1st Edition

The Routledge Introduction to American Comics

By Andrew J. Kunka, Rachel R. Miller Copyright 2024
    272 Pages 15 B/W Illustrations
    by Routledge

    272 Pages 15 B/W Illustrations
    by Routledge

    This accessible, up-to-date textbook covers the history of comics as it developed in the U.S. in all of its forms: political cartoons and newspaper comic strips, comic books, graphic novels, minicomics, and webcomics. Over the course of its five chapters, this introductory textbook addresses the artistic, cultural, social, economic, and technological impacts and innovations that comics has had in American history. Readers will be immersed in the history of American comics – from its origins in 18th century political cartoons and late 19th century newspaper strips to the rise of the wildly popular comic book, the radical, grassroots collectives that grew out of the underground comix movement of the 1960s and 70s, all the way through contemporary longform graphic novels, the vibrant self-publishing scene, and groundbreaking webcomics. The Routledge Introduction to American Comics guides students, researchers, archivists, and even fans of the medium through a contemporary history of comics, attending to how a diverse range of creators and researchers have advanced the art form in key ways since its inception as a foundational art of American popular culture. In this way, it is uniquely suited for readers engaged in the study of comics as well as those interested in the creation of comics and graphic narratives.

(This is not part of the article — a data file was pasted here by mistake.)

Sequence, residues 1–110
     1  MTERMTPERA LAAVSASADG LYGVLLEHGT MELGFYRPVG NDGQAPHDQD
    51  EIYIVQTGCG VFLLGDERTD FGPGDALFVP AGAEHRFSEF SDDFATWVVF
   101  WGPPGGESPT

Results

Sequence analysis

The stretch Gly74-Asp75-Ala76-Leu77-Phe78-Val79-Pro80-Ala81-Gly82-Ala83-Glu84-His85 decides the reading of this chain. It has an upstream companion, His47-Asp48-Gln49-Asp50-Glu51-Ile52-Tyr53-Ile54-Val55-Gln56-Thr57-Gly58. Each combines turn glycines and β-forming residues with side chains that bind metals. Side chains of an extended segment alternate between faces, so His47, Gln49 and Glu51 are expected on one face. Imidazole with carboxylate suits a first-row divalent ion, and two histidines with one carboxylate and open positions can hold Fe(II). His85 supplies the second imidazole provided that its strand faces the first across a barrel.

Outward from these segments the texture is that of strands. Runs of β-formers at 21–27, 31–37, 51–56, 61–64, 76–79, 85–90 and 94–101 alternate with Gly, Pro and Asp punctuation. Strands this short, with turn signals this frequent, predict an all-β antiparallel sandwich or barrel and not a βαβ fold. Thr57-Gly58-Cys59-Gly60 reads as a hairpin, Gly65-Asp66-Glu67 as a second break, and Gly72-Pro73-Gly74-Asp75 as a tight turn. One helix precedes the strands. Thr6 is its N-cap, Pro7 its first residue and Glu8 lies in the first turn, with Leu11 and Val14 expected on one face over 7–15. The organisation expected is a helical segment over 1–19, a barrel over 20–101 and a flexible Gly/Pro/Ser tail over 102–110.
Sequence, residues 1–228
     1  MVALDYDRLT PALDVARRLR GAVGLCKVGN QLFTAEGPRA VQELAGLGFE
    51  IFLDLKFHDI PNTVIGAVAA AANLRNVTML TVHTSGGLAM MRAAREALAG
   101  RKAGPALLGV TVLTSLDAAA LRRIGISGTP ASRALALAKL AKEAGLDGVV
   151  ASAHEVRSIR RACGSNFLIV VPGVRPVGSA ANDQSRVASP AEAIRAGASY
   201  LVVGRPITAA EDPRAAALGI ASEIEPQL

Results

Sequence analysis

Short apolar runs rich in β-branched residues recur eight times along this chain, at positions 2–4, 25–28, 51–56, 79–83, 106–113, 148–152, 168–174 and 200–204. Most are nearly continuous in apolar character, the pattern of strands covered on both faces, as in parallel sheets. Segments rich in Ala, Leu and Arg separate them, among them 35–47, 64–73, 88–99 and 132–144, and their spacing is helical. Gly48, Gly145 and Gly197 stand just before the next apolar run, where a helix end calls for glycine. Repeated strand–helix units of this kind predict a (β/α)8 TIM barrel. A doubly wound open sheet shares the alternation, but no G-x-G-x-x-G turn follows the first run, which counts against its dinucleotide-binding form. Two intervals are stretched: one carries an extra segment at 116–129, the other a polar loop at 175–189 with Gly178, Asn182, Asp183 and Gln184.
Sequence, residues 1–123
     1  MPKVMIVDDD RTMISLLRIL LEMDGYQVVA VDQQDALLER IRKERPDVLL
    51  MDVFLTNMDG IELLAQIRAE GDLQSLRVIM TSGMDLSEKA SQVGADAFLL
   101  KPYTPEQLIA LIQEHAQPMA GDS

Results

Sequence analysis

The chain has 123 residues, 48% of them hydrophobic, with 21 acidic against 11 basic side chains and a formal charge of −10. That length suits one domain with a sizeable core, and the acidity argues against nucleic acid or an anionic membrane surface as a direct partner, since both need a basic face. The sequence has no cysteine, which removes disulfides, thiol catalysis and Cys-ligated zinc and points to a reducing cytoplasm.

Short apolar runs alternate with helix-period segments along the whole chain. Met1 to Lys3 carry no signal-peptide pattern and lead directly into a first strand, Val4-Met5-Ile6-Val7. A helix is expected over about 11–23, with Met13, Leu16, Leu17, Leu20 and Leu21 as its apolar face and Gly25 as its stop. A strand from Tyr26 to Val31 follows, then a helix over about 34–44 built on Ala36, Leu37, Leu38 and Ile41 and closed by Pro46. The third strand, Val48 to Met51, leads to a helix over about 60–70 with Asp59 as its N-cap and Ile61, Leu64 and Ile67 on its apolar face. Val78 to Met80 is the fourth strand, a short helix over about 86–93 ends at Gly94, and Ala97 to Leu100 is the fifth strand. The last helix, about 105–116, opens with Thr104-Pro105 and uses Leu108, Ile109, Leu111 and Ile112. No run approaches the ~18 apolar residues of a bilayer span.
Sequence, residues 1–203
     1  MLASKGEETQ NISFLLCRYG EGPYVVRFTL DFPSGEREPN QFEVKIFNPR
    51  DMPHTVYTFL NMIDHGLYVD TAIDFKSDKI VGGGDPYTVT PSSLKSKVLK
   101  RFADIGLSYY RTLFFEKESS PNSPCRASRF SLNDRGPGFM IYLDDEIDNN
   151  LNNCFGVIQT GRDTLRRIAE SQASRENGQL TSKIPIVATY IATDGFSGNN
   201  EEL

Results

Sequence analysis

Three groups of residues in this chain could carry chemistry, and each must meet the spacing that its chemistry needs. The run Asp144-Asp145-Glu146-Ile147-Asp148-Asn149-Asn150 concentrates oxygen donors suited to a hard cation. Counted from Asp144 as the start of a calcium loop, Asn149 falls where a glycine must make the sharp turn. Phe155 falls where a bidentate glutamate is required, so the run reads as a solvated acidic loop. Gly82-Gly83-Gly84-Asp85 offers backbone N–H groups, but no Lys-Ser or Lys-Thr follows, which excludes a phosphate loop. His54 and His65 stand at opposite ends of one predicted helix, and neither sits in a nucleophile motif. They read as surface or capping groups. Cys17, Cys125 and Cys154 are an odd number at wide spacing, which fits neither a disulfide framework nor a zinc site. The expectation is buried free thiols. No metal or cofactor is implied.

1          Newspaper Comics                                                                                         

    2          Comic Books

    3          Underground Comix  

    4          Graphic Novels                                    

    5          Minicomics                                                              

    6          Webcomics


    Andrew J. Kunka is Professor of English at the University of South Carolina Sumter. He received his PhD in Twentieth-Century British Literature from Purdue University and a MA in British and American Literature from Marquette University. He is the author of Autobiographical Comics and the Eisner Award-nominated The Life and Comics of Howard Cruse: Taking Risks in the Service of Truth. He has written on a variety of topics in comics studies, including race and ethnicity, the history of the graphic novel, the Comics Code, and adaptations.

    Rachel R. Miller received her Ph.D. and M.A. in Twentieth and Twenty-First-Century American Literature and Visual Culture from The Ohio State University, where she served as the first assistant editor for Inks: The Journal of the Comics Studies Society. Her work on women’s comics has been published in The Oxford Handbook of Comics Studies, The Routledge Companion in Gender and Sexuality in Comic Book Studies, and Comics Memory: Archives and Styles. She co-curated the show Ladies First: A Century of Women’s Contributions to Comics and Cartoon Art at the Billy Ireland Cartoon Library and Museum.